Typography is two-dimensional architecture, based on experience and imagination, and guided by rules and readability.   Herman Zapf
       
     
   Typographic Composition      The way we use type, from a single letter to a crowd, can be incredibly effective. The interplay between letters — in relation to each other, and how you position them on the page or screen — contributes meaning to the use of words. In this workshop students made ‘life drawings’ of projected letterforms, and I explained design decisions particular to each one, to help students understand why certain shapes occur. Students then drew their own letterforms, and these were arranged, as students took turns directing the arrangement from above, as they would on a page, in order to explore meaning typographically, considering how space can be used to communicate. Part 1: life drawing, part 2: typography & architecture, part 3: designing a letter and part 4: composition in space.  Tutors: Catherine Anyango and Dr Helga Schmid, Photo Credits: Dominic Tschudin   School of Communication , Royal College of Art, 2014 
       
     
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  Typography is two-dimensional architecture, based on experience and imagination, and guided by rules and readability.   Herman Zapf
       
     

Typography is two-dimensional architecture, based on experience and imagination, and guided by rules and readability.

Herman Zapf

   Typographic Composition      The way we use type, from a single letter to a crowd, can be incredibly effective. The interplay between letters — in relation to each other, and how you position them on the page or screen — contributes meaning to the use of words. In this workshop students made ‘life drawings’ of projected letterforms, and I explained design decisions particular to each one, to help students understand why certain shapes occur. Students then drew their own letterforms, and these were arranged, as students took turns directing the arrangement from above, as they would on a page, in order to explore meaning typographically, considering how space can be used to communicate. Part 1: life drawing, part 2: typography & architecture, part 3: designing a letter and part 4: composition in space.  Tutors: Catherine Anyango and Dr Helga Schmid, Photo Credits: Dominic Tschudin   School of Communication , Royal College of Art, 2014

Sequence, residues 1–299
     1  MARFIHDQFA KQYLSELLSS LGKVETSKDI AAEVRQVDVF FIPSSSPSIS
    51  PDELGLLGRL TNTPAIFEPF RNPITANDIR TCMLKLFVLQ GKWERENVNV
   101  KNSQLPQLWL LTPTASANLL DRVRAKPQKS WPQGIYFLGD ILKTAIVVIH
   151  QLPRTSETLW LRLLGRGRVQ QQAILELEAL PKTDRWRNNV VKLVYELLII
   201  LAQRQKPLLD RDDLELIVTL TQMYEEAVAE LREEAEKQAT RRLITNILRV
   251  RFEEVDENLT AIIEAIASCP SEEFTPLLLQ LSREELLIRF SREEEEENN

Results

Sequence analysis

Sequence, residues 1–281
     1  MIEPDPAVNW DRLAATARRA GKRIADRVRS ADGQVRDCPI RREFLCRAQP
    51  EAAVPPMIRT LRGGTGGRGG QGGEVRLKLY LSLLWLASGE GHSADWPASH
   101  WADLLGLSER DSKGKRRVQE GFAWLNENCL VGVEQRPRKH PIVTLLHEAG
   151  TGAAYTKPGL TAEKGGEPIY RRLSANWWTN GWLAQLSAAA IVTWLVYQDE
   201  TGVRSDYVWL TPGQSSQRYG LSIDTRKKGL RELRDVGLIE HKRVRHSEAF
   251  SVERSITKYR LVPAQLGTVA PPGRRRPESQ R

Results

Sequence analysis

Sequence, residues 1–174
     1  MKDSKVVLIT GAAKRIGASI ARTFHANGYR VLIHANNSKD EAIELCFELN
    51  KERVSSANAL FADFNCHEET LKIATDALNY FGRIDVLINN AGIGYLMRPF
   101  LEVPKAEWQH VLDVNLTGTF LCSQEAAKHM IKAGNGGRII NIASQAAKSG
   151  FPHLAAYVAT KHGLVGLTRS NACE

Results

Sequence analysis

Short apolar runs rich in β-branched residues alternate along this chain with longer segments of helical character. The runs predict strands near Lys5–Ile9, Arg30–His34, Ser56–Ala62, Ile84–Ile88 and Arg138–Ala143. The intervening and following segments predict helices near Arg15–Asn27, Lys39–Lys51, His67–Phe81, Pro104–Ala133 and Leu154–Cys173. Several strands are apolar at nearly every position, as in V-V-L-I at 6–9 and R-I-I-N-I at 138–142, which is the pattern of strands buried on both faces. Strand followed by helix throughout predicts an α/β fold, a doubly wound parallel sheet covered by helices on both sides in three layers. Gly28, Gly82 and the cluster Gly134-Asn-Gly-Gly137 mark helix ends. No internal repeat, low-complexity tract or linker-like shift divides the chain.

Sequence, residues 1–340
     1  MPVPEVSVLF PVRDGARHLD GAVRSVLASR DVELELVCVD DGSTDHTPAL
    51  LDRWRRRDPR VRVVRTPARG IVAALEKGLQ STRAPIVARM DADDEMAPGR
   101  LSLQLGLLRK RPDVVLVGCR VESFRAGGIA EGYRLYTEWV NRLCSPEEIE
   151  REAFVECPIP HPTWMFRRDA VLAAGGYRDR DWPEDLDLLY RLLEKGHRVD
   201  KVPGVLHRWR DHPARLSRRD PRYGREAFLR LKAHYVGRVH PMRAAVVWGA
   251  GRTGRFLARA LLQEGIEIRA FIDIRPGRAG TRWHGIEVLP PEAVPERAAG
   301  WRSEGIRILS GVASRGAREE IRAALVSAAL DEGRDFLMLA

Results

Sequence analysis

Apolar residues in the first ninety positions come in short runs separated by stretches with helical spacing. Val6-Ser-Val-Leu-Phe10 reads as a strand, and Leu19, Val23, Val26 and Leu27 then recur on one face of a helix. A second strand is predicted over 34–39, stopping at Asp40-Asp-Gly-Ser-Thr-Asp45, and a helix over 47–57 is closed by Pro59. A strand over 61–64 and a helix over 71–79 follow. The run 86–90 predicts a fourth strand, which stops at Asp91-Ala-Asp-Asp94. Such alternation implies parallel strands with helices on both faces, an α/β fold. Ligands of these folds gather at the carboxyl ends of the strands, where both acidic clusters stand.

Typographic Composition    The way we use type, from a single letter to a crowd, can be incredibly effective. The interplay between letters — in relation to each other, and how you position them on the page or screen — contributes meaning to the use of words. In this workshop students made ‘life drawings’ of projected letterforms, and I explained design decisions particular to each one, to help students understand why certain shapes occur. Students then drew their own letterforms, and these were arranged, as students took turns directing the arrangement from above, as they would on a page, in order to explore meaning typographically, considering how space can be used to communicate. Part 1: life drawing, part 2: typography & architecture, part 3: designing a letter and part 4: composition in space.

Tutors: Catherine Anyango and Dr Helga Schmid, Photo Credits: Dominic Tschudin

School of Communication, Royal College of Art, 2014 

_DSC1930 copy.jpg
       
     
_DSC1916 copy.jpg
       
     
_DSC1898.jpg
       
     
_DSC2012 copy.jpg
       
     
_DSC2007.jpg
       
     
_DSC1869 copy7.jpg